Sometimes we don’t know what we don’t know or we don’t know what we’ve been missing, until we experience a thing and realize that’s what we’ve needed.

For the first time in over a year, I went to church to worship in person this morning. I’ve been watching the service online each week and that’s been a beacon of light and hope amidst all the darkness and chaos. Online church offers many things in-person church doesn’t – you get to choose the time you want to listen, you can sit in your jammies and pause if needed, and you have privacy to have a moment or be moved without anyone noticing. But what it doesn’t offer, and that I’d forgotten and perhaps taken for granted, is things like hugs from people who feel like family, prayer in unison with others, and conversation with people with whom you have the most important thing in common.

I was nervous about going into a place with so many people, even though I knew we’d all be wearing masks and social distancing. We’re all vaccinated, but still the thought of being physically close to people again seemed strange and a little scary. I resolved to arrive at the last minute, keep my distance, and leave promptly – and I broke every single one of my own rules.

We arrived early because Audrey and I were excited to go and ready early and trying to decide if it used to take 25 minutes or 35 minutes to get there. We walked into an entry filled with familiar faces, and within two minutes I had hugged someone – not because he hugged me, but because I found myself saying “we’re vaccinated so you’re getting a hug!” And then when the service was over, we stayed around to chat and were among the last to walk out and say our goodbyes on the stairs.

I didn’t want it to end, I was so happy.

It was in the middle of the service that I looked at the pew in front of me and noticed the emoji face etched into the wood. Two eyes and a mouth in a straight line. The emoji that’s not happy or sad. The emoji that’s blah. It’s the one called Neutral Face, and it’s how I didn’t know I’ve been feeling because of the absence of worship with people.

As we sang and talked about counting every blessing, these are the ones that filled my heart and the things I want to remember about this day.

  • When I mentioned the possibility of going to church to Audrey, I thought she would be hesitant because it’s different than what she was used to. But without any hesitation she eagerly asked “Will Mrs. Reesee be there?” I’m thankful for every Sunday School teacher I and my girls have ever had – from Mrs. Nunn and Momma Gloria in my day to Mrs. Wendy and Mrs. Edie and Mrs. Reesee of more recent days. I’m sure they’ve all had moments where they wondered if any of the kids around them were listening, but the impact they have on lives is so great and just beyond measure.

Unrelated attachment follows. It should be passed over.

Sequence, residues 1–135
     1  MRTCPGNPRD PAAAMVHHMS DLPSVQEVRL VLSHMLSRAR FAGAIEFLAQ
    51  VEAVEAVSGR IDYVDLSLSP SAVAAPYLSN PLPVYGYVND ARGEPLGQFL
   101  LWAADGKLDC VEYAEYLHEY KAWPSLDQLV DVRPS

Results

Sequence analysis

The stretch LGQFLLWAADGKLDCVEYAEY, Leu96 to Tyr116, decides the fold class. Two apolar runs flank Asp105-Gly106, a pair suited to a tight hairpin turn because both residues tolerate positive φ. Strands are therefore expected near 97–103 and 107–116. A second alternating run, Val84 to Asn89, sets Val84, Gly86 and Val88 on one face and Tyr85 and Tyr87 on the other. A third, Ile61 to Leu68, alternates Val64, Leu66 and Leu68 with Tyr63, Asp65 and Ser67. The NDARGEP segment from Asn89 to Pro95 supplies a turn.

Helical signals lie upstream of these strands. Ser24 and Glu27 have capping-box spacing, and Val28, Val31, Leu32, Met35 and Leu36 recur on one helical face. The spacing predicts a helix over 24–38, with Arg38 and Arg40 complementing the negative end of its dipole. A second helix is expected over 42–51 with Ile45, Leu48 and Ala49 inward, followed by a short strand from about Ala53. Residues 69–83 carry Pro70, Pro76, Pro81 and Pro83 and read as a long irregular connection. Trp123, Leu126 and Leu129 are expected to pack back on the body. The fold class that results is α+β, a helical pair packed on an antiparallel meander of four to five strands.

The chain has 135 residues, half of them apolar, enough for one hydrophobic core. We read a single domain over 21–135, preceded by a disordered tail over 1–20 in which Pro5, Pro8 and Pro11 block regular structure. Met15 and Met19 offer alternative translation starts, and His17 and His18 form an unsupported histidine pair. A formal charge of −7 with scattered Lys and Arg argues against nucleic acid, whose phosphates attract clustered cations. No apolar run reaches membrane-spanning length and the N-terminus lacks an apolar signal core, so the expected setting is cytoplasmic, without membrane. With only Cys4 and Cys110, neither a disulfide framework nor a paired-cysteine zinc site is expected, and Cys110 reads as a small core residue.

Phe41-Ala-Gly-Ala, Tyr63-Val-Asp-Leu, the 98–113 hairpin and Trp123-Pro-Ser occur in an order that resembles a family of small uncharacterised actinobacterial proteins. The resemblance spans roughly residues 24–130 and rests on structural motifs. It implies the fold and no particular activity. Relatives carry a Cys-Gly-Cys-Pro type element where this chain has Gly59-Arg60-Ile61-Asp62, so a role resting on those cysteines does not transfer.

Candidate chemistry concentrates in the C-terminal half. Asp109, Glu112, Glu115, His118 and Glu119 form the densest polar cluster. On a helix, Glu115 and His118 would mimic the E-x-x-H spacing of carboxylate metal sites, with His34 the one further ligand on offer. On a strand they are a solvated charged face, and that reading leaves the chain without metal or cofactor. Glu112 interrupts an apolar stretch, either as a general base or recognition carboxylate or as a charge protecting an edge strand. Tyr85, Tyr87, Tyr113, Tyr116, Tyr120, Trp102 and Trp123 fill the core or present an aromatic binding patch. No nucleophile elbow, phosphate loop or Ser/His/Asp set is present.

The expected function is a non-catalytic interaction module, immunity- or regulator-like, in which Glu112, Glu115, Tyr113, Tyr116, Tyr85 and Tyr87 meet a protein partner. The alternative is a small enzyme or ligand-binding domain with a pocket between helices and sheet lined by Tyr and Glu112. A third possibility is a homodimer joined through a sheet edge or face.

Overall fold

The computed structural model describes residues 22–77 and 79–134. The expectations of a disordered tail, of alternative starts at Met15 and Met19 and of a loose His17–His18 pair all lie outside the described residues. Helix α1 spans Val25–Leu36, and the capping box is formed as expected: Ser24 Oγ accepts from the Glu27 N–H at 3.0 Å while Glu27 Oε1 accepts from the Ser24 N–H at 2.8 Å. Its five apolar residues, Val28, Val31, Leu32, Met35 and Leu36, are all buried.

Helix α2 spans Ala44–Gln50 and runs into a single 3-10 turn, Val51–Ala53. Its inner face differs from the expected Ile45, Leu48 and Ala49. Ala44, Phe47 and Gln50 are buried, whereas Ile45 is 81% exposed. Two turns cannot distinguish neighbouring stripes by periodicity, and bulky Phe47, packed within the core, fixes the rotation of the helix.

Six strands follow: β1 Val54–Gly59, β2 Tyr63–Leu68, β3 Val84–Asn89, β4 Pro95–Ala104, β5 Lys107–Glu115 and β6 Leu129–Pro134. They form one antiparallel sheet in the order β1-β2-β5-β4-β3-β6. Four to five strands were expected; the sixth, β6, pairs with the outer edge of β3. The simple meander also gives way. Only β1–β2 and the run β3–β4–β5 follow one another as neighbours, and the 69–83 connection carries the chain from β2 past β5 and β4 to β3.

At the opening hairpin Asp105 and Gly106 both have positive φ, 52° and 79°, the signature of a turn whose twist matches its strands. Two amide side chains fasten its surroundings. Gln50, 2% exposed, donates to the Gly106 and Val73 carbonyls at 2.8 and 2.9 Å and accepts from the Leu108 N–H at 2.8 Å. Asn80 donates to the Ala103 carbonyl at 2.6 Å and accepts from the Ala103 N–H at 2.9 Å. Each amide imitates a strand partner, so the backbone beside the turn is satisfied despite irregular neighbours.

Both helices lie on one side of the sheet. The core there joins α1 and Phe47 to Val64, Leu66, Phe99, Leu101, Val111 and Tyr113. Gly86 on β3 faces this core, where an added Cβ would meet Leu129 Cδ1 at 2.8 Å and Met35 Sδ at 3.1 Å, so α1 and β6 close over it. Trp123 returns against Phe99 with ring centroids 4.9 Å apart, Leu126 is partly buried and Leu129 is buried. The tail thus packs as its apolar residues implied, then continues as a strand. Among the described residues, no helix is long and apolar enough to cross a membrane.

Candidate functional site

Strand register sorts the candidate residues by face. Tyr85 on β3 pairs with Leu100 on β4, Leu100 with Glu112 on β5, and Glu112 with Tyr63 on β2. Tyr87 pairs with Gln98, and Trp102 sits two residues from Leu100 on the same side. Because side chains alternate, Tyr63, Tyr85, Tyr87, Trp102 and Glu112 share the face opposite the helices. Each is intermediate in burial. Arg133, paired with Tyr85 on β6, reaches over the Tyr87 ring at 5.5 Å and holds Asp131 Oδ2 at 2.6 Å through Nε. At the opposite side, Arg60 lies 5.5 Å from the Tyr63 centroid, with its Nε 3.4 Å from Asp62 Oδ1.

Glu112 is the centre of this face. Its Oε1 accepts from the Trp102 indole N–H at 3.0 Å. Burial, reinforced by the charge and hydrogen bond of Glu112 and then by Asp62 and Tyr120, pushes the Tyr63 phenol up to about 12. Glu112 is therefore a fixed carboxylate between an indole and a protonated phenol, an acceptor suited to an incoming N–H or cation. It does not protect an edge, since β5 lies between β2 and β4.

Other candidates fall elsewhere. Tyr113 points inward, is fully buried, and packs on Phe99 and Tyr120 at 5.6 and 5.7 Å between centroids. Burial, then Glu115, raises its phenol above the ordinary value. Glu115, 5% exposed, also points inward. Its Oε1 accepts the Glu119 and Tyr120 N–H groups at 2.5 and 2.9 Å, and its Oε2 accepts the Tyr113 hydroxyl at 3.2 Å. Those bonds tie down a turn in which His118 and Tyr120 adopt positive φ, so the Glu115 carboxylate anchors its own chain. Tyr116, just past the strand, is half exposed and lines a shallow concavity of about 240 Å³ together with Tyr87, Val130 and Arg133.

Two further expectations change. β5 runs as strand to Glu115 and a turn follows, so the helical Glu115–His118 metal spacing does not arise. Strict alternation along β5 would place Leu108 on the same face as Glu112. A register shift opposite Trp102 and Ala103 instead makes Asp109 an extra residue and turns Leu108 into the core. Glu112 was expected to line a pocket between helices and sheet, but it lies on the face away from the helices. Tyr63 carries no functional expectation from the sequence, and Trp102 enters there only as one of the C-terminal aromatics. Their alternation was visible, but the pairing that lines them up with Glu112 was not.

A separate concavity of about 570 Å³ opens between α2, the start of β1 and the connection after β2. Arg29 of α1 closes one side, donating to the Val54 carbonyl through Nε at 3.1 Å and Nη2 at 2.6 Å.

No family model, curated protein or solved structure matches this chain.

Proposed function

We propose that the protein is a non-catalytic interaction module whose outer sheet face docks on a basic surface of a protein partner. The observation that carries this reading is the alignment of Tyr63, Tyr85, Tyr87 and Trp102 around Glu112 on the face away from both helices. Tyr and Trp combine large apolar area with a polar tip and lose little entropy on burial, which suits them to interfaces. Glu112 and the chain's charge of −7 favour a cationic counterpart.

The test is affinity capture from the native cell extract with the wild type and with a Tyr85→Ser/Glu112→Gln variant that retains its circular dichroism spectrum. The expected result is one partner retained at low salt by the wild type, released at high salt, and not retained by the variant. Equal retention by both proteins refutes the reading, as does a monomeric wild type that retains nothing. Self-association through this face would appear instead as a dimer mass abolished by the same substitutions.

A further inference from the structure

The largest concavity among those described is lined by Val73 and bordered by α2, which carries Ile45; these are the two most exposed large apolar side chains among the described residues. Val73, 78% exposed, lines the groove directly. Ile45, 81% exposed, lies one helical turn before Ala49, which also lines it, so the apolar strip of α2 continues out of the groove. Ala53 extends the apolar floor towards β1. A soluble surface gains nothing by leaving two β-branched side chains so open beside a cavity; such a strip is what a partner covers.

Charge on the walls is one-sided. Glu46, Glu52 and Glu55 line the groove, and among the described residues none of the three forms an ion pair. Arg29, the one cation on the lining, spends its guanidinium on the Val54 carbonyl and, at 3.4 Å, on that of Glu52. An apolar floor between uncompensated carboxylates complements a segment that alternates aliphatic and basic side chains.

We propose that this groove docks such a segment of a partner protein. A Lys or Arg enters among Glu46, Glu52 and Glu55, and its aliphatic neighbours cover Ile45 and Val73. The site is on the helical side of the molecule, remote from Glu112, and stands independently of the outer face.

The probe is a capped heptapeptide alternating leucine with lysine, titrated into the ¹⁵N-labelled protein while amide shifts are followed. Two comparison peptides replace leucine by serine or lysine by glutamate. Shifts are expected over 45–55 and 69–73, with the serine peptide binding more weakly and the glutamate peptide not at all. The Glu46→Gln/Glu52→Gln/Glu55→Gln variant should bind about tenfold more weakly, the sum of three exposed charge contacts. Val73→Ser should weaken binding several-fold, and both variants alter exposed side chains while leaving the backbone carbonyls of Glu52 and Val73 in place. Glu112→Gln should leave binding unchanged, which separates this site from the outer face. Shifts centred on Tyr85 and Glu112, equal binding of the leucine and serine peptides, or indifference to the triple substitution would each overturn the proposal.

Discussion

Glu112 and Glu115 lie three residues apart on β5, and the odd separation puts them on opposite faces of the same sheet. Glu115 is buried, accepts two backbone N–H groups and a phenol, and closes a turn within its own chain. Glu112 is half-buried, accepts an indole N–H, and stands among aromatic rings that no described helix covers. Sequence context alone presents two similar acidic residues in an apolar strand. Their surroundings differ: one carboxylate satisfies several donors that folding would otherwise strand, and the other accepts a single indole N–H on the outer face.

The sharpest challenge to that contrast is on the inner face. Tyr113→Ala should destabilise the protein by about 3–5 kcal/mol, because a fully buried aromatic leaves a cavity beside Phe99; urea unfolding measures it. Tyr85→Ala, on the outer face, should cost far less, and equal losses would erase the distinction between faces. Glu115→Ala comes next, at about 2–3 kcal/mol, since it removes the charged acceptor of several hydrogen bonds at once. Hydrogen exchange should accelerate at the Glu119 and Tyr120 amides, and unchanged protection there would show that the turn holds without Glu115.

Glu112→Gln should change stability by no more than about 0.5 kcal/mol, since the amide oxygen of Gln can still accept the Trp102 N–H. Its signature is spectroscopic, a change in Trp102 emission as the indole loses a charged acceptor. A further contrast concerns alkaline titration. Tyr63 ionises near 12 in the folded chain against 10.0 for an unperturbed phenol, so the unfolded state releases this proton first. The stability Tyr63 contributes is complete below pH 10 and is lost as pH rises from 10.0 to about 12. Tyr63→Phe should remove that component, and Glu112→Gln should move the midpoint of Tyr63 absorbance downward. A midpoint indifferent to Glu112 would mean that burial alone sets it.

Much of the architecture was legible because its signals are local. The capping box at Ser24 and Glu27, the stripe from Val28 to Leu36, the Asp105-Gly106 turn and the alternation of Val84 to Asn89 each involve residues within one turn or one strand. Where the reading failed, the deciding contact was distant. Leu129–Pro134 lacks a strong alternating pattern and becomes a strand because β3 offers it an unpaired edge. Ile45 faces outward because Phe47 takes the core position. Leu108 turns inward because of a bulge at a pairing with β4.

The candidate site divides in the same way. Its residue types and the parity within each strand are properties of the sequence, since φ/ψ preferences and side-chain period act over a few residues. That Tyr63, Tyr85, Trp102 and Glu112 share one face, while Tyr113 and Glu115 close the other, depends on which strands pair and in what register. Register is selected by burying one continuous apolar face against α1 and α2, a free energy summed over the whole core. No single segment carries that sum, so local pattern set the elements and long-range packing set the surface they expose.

• I sat next to my Mom and together we prayed The Lord’s Prayer.
  • Pre-COVID I attended the service that had the progressive people – the one with the band instead of a choir. Right now we’re hosting just one service in person, so that service has a mixture of music types to have a little something for everyone. I had forgotten in my years of always singing along with a band what it’s like to hear voices of all different ages and strengths sing together – from the traditional hymn to the modern song, it was just beautiful to hear the voices of the young and the old and everyone in the middle all mixed up together.
  • Audrey wore wedges today – her first “big girl” shoes. Her triumphant and naughty smile when she raised up on tip toes as my Mom leaned down and said “you are not allowed to get taller than me!” was the absolute best.
  • And finally, I want this visual reminder to stick with me. The further I get from spending time with God in the company of His people, the more my face goes from happy to neutral.

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